Tastefully repainted clan house facade in Club Street, China Town
  This city is not sleeping yet.  Who wants to, when there is so much pleasure still to be derived from eating?! 

I start a conversation with my table-mate, a young Singaporean called Peter, and given that I will soon come to the conclusion that there are approximately 3 eating establishments per head of the population in Singapore [ According to the Unofficial and Exaggerating Department for Statistical Concoction in my Head ] it comes as no surprise that he's a chef by profession and states 'FOOD!' as his number one recommendation to foreigners visiting his country for the first time when I make this predictable enquiry.  We turn out to be of almost of identical age and he calculates that we are both horses according to the Chinese Zodiacal calendar.
Terrapin floating in a small public pond in the middle of China Town
  As he chows through his chopped sliced meats, congee with handmade fried tofu side he laughs 'The only difference is you're a skinny horse and I'm a FAT horse ha ha ha!'

Tomorrow's my first day in Singapore.  The nation that is a city that is an island that is a shopping mal that is a melting pot - or perhaps rather a small gigantic kitchen of humanity.  Perhaps.  That bowl of congee I just ate was the size of a small swimming pool!  I finally shower nearly 24 hours of international travel (Bukit Tinggi to Padang to Jakarta to Singapore) off my 'skinny horse' frame and sleep as well as is possible in the sub-zero temperature A/C refrigerator dormitory whilst 'Aunty' Iunie attempts the same with an extra portable fan throwing arctic chill full blast along her cotton sheet shrouded form for good measure.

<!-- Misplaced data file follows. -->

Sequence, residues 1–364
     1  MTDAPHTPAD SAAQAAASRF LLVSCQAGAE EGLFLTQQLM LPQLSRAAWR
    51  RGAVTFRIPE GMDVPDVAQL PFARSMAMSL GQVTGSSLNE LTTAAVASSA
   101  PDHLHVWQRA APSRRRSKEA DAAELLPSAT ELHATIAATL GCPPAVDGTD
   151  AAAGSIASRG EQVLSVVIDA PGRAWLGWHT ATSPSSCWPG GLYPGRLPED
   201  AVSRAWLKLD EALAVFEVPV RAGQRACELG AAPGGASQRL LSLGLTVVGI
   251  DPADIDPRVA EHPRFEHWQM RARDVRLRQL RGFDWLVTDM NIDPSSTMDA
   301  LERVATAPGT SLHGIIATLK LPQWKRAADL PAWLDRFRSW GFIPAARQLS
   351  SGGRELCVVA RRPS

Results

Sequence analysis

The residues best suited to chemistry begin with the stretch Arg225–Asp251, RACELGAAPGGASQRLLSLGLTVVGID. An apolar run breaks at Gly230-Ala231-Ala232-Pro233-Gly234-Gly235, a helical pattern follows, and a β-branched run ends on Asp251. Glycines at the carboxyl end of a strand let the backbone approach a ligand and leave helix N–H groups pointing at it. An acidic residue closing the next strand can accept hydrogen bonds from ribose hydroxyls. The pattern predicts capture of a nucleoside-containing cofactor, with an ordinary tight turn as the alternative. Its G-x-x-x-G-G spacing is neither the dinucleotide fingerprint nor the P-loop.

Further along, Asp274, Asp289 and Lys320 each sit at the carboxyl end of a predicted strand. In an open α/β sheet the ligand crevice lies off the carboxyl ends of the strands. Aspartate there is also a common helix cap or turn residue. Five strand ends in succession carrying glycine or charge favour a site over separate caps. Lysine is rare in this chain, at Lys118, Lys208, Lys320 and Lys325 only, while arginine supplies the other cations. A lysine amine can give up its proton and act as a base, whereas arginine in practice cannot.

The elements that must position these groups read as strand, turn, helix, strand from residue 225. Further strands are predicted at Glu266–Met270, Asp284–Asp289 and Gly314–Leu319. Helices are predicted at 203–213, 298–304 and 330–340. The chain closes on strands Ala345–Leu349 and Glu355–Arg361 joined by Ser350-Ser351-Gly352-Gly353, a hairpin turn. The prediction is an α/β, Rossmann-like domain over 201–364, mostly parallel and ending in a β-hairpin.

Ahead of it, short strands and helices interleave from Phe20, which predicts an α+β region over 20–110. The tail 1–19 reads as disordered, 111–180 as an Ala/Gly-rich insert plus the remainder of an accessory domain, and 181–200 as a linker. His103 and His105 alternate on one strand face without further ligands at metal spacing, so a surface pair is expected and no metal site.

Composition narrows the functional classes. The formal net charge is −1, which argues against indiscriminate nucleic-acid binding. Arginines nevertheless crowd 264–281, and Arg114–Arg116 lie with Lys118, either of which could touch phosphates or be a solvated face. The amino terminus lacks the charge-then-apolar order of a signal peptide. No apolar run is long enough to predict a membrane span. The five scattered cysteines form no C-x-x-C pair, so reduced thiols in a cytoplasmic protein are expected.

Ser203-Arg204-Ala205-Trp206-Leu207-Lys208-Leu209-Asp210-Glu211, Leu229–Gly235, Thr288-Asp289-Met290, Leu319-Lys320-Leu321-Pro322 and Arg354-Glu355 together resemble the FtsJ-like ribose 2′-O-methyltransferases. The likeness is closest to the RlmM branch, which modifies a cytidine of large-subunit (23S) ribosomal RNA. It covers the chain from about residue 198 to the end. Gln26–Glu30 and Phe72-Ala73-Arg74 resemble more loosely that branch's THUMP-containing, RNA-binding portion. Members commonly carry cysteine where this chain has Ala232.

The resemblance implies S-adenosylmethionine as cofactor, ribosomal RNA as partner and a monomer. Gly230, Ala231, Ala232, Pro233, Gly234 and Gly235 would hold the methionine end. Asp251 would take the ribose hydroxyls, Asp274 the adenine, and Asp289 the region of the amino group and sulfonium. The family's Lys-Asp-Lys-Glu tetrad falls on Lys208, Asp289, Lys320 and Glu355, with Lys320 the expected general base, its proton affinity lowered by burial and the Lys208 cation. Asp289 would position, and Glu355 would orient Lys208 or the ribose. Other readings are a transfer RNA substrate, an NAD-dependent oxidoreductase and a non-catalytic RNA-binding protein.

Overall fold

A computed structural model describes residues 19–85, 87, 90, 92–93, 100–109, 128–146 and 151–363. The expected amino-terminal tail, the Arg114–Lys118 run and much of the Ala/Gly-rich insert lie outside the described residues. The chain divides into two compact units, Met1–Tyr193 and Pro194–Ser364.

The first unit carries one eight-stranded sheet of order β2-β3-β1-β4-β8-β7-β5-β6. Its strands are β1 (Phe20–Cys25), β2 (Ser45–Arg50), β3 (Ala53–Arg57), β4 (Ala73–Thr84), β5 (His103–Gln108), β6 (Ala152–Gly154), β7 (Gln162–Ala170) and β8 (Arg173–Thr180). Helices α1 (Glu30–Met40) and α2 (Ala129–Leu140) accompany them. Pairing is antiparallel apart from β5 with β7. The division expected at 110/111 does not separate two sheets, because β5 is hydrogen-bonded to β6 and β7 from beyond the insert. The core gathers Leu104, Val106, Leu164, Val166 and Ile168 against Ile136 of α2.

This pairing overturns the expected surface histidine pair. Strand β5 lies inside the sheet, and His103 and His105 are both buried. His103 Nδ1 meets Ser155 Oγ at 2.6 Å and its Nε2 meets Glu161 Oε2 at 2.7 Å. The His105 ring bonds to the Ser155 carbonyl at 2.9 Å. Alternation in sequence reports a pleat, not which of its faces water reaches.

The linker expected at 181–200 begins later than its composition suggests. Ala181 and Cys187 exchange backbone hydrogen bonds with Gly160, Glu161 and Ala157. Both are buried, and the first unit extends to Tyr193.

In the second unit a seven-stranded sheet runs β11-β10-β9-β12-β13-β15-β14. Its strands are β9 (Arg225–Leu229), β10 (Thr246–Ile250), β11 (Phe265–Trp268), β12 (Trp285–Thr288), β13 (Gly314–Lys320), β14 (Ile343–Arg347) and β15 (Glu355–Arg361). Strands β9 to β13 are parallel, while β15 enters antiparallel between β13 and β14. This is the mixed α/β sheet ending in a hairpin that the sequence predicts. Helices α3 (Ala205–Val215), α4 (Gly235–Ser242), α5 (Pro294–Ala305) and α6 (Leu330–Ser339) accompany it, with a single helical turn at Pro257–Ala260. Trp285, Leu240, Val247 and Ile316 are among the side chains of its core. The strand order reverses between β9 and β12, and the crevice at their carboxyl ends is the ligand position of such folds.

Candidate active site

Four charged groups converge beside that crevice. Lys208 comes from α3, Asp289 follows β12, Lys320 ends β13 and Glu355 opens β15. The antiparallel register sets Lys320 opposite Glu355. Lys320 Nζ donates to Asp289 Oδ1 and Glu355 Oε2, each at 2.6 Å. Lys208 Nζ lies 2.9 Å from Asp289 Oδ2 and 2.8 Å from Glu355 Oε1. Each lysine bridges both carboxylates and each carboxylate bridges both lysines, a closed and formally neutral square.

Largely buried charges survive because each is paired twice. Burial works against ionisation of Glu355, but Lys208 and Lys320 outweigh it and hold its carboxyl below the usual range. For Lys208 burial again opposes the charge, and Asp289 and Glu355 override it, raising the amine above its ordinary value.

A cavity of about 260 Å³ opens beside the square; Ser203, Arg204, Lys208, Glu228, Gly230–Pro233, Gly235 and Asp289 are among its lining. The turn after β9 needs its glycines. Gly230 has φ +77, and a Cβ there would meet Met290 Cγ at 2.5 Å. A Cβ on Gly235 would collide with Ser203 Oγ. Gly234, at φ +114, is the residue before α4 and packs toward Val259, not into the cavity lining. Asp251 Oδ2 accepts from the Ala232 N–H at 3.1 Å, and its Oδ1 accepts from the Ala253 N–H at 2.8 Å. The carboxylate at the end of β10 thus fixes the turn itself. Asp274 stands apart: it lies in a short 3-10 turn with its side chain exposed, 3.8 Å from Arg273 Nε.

A little Old, a little New

Singapore is probably both the best and the worst place in the world for me to be right now.  The best because after twenty one months solid budget backpacking and three solid weeks in the Sumatran jungles and mountains there's a lot to be said for suddenly finding yourself in one of the world's cleanest, most modern, efficient and orderly cities.  'The worst?' you ask.  Well precisely because of those three weeks in the Sumatran wilds, to suddenly turn up in one of the world's cleanest, most modern, efficient and orderly cities can leave you looking and feeling a little bit like a fish out of water.  The Sumatran jungle mud acquired from my Bukit Tinggi trek to find the Rafflesia flower (named after the Sir Thomas Stamford Raffles who claimed its 'discovery' around the time he claimed Singapore for the British East India Company and founded its modern era) still besmears me to the shins.
Chinese temple (detail)
  I'm saving my 'nice' clean pair of trousers for an imminent trip to an Indonesian embassy.  In a city where everyone looks and dresses immaculately muddy ankles may not go down a treat.  It's not the best for one's self-esteem.

Luckily for me though I will not be alone in Singapore!  For courtesy of the wonderful medium of Travbuddy I will have fine fellow Hadi [ Hadi25 ]acting as my host, friend and guide for two days in his city.  Following a personal epiphany Hadi, a qualified civil engineer currently earning his bread in an accountancy firm figured it was time to break out of his air-conditioned cage from time to time and start seeing the world.  This led to an inaugural trip to Indonesia earlier this year (one repeated a number of times since) and, encouraged by the inspirational realm and members of Travbuddy, Hadi's passport's been working overtime ever since.